A wade into the weeds of Republican Party delegate assignment rules, by former Reagan staffer Donald Devine over at American Conservative, which have changed in important ways since 2012. Those changes are leading some to wonder if the Party isn't creating a very strong possibility that delegates will enter the convention with no clear winner.
The core of the potential problem:
The Southern Super Tuesday primaries and the other Southern contests before March 15 are required for the first time to award their primary delegates by proportional representation where each candidate wins only the percentage of delegates he receives from the popular vote, rather than the first-place candidate winning all delegates. That method guarantees no candidate will be able to build a commanding lead until after March 15 when winner-take-all nomination contests become possible.
Southern states made a bargain of sorts with the Party and the nation: they were willing to make their results' actual impact in delegate assignment smaller in order to make themselves seem more relevant by occurring earlier in the process before everything seemed like a done deal.
This leads Devine to strongly suspect, in a world where neither Trump nor Cruz or any other non-Trump is able to start a true sweep of delegate numbers, that this might lead to a contested convention this summer, with no clear winner going in. But:
Republican party chairman Reince Priebus is confident that there will be no contested convention. He recently told Time magazine: "I know the rules pretty well, I'm pretty confident in how delegates are allocated, I helped write a lot of the rules and I believe that clarity will come very soon" as to who will win the nomination. The current plethora of candidates "doesn't mean that, by the end of March or mid-April, the end of April, that it isn't going to be very clear. There's only so much money to go around, there's only so long everyone can keep fighting." He claimed he was prepared for a contested convention but based on his expertise did not expect one, "so it's not like I need some sort of expert help to understand our own governing rules or how our convention might run."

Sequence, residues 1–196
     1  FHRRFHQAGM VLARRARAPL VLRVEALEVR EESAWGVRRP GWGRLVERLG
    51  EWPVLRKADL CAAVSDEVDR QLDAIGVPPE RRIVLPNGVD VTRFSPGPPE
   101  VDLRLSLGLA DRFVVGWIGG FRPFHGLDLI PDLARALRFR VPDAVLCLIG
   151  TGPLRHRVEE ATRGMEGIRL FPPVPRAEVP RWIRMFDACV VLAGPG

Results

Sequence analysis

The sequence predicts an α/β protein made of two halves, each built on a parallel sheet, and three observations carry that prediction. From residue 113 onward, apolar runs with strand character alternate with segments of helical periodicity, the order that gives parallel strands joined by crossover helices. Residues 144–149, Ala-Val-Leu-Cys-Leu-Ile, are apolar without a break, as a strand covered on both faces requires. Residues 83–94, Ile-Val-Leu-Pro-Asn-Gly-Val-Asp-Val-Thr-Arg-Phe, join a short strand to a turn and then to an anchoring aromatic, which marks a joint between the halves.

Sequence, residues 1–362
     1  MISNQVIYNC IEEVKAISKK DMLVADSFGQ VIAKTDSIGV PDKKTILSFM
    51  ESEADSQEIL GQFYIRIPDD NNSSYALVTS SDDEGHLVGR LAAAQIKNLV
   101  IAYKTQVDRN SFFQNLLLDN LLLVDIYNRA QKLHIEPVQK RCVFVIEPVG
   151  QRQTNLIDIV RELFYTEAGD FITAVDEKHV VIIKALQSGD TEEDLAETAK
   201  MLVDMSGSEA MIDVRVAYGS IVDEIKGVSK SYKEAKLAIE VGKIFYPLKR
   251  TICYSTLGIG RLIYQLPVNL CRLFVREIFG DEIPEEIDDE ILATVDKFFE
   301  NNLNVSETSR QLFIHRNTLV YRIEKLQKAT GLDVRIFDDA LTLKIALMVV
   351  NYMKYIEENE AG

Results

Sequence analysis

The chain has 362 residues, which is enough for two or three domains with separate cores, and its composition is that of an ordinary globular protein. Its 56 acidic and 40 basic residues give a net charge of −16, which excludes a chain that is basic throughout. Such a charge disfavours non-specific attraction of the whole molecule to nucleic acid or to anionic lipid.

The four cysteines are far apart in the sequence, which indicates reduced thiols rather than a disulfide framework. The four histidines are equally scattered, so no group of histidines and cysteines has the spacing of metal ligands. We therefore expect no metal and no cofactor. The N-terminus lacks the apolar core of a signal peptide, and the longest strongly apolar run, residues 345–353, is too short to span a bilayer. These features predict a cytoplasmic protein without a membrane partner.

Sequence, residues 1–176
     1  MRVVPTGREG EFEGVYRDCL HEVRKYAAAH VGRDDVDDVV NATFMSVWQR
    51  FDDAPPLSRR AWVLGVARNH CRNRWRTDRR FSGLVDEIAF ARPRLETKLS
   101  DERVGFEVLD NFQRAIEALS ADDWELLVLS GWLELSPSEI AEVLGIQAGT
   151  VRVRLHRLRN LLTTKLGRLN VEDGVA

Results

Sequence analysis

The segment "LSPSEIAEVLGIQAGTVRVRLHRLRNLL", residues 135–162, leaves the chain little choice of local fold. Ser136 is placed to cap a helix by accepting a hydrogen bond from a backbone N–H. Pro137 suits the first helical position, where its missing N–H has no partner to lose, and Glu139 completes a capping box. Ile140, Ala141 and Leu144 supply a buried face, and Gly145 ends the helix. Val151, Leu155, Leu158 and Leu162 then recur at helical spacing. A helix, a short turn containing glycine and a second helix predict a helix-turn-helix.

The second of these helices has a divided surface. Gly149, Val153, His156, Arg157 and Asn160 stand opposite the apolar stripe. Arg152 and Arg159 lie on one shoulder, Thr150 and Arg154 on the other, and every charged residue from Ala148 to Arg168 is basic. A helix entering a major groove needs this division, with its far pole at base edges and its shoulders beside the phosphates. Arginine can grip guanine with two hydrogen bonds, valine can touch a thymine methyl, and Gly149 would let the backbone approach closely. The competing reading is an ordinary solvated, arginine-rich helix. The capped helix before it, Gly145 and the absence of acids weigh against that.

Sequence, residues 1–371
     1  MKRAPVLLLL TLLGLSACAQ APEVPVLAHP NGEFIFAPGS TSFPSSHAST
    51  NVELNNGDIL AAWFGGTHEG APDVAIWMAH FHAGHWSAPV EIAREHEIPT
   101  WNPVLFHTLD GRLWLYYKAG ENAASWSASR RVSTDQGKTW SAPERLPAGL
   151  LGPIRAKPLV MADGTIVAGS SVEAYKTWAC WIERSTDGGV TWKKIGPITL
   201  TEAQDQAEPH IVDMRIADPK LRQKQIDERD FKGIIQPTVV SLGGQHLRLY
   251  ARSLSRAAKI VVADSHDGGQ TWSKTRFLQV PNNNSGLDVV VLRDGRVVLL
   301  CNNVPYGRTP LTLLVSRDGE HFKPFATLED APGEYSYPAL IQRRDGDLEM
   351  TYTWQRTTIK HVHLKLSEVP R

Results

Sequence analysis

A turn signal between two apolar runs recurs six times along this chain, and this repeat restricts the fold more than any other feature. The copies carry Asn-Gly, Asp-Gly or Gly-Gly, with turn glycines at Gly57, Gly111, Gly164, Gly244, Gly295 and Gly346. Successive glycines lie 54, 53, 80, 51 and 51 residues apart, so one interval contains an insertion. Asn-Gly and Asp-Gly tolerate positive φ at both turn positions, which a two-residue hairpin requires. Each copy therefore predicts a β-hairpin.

Devine thinks it looks likely that at least three or more somewhat appealing candidates can stay in the game through the Spring or perhaps beyond.
Another change, aimed at making sure Ron Paul or future Ron Paul types could carry no weight on the convention floor, states that no candidate who does not command a plurality of the delegations of eight states or more can even get officially placed in nomination or have his/her vote counted, which could disenfranchise a lot of delegates whose guys or gals don't win enough states.
These leads old Party hand Morton Blackwell, who hates the new rules, to posit this potential conundrum for the GOP come convention time:
Assume that Candidate A wins 38% of the delegate votes at the national convention, then that Candidate B wins 39% of the delegate votes, and that candidates C, D, E, F, and G among them win the remaining 23% of the delegate votes. With many states binding their delegate votes proportionally to their presidential primary votes, this could happen.
Assume also that none of the five candidates whose numbers made up that 23% of the convention votes won the majority of delegate votes in at least eight states. That would be likely.
Then assume that a big majority of the Delegates whose votes were bound to Candidates C, D, E, F, and G would vote for Candidate A on a second ballot. That couldn't happen because there wouldn't be a second ballot. Under the current rules, the votes for Candidates C, D, E, F, and G wouldn't be counted. Candidate B would receive the presidential nomination with the votes of only 39% of the duly elected Delegates, although a majority of the total number of Delegates preferred Candidate A over Candidate B.
Will the Party powers care if that happens? Probably not much. But lots of potential Republican voters who feel disenfranchised just might.